Wilderness Survival Priorities


If you ever find yourself in a wilderness survival situation you must think carefully and prioritize your actions. These 7 wilderness survival priorities are a good reference that I learned years ago in Scouts.

Positive Mental Attitude

Survival is a state of mind. Control your fears and avoid panic. Decide to live. Analyze your situation and plan a course of action only after considering all of the aspects of your predicament and keeping in mind your safety at all times. Don't make any quick judgments. A positive state of mind is the key to survival in an outdoor emergency.

First Aid

Once you have decided to live and have adopted a positive mindset your focus should be your personal safety. Take care of any injuries the best you can. Make sure to avoid fatigue. Conserve your energy.


Cold and heat are enemies of survival. Exposure to the elements can be very dangerous so get sheltered as best you can. Be creative and use your surroundings the best you can. If cold try and find shelter and build a fire. If in really hot weather get out of the sun. In the cold it may be easier to sleep in the day and stay awake at night by a warm fire. In very hot weather you may also want to seek shelter and/or sleep during the day.


Fire can have multiple uses in a wilderness emergency. It can provide warmth, it can boost your morale and give you a sense of security, it can provide a signaling method and it can help provide purified water and a means to cook food.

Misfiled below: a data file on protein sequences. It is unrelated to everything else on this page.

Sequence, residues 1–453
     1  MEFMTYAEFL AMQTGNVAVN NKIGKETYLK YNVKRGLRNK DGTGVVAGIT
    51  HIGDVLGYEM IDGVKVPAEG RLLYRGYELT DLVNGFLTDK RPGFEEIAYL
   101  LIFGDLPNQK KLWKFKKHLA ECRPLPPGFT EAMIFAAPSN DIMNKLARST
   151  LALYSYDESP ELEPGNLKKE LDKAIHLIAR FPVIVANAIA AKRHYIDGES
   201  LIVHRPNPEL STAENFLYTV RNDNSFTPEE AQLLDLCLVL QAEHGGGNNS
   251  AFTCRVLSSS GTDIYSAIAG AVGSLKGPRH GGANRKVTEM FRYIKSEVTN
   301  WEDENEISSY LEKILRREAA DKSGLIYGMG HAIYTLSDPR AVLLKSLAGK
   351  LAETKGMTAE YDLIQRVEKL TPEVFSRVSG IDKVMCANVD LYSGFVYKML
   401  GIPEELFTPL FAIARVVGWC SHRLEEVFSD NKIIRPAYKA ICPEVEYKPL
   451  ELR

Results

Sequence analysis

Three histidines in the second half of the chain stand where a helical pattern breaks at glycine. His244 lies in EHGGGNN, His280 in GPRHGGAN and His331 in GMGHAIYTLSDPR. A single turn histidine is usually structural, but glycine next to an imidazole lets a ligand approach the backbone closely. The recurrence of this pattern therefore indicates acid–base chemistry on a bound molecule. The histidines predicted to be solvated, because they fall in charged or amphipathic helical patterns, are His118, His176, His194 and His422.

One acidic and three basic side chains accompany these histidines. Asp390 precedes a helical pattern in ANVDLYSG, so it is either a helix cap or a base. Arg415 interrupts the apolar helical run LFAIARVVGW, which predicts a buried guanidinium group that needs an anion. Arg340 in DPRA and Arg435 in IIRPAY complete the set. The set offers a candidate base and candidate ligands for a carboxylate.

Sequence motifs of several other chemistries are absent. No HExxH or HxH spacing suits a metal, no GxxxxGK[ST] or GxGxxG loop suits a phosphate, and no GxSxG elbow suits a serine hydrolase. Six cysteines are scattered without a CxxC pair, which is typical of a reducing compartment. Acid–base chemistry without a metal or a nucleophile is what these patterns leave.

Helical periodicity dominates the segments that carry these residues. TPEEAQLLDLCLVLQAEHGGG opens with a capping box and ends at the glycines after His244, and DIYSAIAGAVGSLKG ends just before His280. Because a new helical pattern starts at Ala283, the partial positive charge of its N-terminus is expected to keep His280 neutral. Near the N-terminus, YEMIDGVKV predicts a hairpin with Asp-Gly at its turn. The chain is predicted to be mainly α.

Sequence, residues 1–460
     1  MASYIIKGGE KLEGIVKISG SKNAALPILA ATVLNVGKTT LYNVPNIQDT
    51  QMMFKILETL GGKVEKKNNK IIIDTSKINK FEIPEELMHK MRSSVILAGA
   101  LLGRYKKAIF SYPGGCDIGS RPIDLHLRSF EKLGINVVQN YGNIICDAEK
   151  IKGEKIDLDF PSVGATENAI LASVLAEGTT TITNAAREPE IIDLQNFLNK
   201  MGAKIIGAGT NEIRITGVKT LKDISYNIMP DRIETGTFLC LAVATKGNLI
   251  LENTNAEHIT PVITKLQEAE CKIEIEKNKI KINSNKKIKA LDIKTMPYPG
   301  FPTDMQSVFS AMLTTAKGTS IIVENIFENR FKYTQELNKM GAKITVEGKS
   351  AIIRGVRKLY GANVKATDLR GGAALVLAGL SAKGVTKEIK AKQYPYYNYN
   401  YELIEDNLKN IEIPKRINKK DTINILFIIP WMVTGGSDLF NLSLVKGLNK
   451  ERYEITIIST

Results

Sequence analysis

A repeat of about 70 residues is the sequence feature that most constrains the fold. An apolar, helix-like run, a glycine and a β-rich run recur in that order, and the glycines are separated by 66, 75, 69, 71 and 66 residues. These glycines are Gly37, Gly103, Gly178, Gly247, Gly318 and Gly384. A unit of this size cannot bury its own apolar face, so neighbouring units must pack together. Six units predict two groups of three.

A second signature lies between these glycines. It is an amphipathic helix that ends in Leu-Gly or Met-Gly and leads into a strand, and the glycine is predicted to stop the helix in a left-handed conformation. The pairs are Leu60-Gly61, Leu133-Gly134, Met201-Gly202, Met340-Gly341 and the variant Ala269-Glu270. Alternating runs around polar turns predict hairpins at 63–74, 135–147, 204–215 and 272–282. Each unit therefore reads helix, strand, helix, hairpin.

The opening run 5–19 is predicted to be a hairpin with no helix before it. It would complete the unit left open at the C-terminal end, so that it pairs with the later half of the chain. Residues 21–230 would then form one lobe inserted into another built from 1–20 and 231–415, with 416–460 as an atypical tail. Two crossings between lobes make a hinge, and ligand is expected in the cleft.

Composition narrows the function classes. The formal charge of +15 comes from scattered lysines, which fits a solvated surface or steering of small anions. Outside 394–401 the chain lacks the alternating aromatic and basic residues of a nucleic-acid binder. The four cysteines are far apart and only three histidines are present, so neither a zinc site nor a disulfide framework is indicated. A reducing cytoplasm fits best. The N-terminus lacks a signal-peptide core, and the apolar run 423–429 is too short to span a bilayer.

If you are lost and want to be found than make yourself visible. Smoke signals can be seen for miles. Use a whistle and signal in groups of 3. Don't yell for help. Yelling doesn't carry very far and can exhaust you. A mirror or other object that reflects the sun can make you visible to a helicopter or plane. If there is no chance that someone may come looking for you then you need to make a plan to walk out on your own.


You can survive a few days without water. Thirst and hunger are survival enemies that can really depress your positive mental attitude. Try and find a clean source. If you have a means to boil water from a lake or river you can avoid getting any internal parasites that can cause disabling intestinal problems. Use a cloth and collect dew or catch some rain.


Food is the least important wilderness survival priority. A person can survive for weeks without food. Try and conserve your body's energy reserves. You could be better off resting than aimlessly looking for food, plus even if you do find food you may have depleted more energy than the food can give you. If you can acquire food easily then go for it. If you can't find water than don't worry about food. You need water to help you digest your food.

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Related wilderness survival pages:

The Attitude of Survival Survival is a state of mind

Wilderness Survival and Primitive Skills